When a carrier searches for a load on DAT load boards, they'll often get dozens of results, especially on popular lanes. So how can a broker make that load post stand out from the pack? Posting an attractive rate will help, but beyond that, carriers want to work with brokers they can trust. And an important gauge of that trust is the broker's credit score and days to pay, which carriers see right next to the posting. That's why it's critical that brokers maintain good scores. But how do they do that?
Working with a broker or carrier for the first time can lead to a successful and profitable relationship that will last for years.
"One of the most common ways thieves pull off scams today is to pose as a legitimate carrier or broker," said DAT Compliance Manager Tami Hart.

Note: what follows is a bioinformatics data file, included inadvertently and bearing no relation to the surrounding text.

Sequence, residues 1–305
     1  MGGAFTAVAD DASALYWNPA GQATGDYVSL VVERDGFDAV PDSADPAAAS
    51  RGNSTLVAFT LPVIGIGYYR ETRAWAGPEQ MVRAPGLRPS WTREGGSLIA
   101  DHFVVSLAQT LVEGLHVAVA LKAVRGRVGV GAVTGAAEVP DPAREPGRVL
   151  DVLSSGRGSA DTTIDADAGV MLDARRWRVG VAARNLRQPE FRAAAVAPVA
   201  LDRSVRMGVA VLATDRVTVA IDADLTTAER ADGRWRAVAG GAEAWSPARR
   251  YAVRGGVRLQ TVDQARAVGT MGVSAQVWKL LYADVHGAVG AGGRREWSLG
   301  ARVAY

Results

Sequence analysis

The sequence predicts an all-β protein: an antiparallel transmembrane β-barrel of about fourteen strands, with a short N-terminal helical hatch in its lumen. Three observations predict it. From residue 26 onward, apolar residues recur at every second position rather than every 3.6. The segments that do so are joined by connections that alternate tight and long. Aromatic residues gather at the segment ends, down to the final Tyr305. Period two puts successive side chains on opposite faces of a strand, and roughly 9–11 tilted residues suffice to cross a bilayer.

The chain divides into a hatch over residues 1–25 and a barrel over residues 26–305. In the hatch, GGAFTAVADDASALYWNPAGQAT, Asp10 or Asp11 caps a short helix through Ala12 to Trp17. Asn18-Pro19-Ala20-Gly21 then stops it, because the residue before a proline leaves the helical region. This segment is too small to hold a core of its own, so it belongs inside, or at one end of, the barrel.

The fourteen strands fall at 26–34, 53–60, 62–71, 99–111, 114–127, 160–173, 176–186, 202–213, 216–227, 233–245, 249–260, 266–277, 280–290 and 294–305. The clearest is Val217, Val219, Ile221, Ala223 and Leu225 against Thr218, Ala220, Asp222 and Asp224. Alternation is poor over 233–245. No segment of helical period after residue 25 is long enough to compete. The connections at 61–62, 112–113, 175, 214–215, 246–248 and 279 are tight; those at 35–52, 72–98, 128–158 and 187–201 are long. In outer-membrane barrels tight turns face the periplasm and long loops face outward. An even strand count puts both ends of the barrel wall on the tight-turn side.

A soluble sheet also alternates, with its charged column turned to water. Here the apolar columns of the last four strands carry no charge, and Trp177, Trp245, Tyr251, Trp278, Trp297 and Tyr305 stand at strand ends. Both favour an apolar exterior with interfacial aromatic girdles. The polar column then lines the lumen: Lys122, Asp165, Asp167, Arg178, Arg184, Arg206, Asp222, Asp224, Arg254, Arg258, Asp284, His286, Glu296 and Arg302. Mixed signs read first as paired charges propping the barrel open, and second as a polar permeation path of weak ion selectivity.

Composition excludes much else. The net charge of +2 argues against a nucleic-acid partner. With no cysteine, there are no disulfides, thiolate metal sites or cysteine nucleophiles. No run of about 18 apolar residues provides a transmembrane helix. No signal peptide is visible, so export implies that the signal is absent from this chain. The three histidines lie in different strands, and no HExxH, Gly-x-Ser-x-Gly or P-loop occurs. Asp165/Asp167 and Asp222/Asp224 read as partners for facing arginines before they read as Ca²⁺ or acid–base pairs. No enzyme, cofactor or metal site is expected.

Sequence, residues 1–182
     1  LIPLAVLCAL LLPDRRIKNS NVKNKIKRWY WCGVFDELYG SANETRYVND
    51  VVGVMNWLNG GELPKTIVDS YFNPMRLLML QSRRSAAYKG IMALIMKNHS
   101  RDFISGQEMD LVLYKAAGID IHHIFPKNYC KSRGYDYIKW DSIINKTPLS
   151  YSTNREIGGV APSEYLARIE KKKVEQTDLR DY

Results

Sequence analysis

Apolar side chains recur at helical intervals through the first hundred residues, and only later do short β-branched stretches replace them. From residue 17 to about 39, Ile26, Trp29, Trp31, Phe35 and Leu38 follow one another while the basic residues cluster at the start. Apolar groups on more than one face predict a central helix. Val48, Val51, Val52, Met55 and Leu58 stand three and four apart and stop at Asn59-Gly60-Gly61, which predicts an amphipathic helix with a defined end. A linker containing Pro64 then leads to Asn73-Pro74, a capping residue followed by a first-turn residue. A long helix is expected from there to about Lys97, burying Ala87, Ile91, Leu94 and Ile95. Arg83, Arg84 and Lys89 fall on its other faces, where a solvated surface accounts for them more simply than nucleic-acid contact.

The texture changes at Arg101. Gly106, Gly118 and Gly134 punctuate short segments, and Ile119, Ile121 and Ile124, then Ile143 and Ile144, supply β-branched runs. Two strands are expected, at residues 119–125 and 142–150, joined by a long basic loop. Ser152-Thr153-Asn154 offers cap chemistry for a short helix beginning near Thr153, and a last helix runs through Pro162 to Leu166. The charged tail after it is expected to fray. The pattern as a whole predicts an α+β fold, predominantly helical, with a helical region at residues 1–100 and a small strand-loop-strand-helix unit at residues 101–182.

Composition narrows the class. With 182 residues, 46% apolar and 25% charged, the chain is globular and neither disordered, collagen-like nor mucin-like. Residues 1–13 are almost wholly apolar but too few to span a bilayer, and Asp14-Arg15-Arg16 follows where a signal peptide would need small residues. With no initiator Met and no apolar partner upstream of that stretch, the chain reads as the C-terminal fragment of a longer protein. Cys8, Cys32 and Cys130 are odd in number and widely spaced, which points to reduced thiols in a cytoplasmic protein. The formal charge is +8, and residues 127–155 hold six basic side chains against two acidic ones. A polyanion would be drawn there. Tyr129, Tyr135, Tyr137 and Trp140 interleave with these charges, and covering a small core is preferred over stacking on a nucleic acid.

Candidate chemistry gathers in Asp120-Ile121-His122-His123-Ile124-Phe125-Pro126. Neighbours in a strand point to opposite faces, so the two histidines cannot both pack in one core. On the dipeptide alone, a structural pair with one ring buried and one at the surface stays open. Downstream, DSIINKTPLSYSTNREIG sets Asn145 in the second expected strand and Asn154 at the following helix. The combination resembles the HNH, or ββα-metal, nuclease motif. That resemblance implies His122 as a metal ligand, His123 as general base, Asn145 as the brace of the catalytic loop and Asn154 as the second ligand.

Freight markets were upended by the capacity crunch that followed the electronic logging device (ELD) mandate in December 2017. The next phase of the mandate begins in December 2019, and it may end up being just as disruptive.
The new milestone expands the regulation in two dramatic ways.
The kind of freight you choose to haul, whether it's through a broker or direct from a shipper, is an individual decision that is determined by a person's wants, needs and goals.
Every month I compare my average loaded rate per mile with the national average contract rate.
You've likely heard reports that there's a shortage of drivers in the trucking industry. There have also been reports that a record number of heavy-duty truck orders from last year is creating a capacity surplus.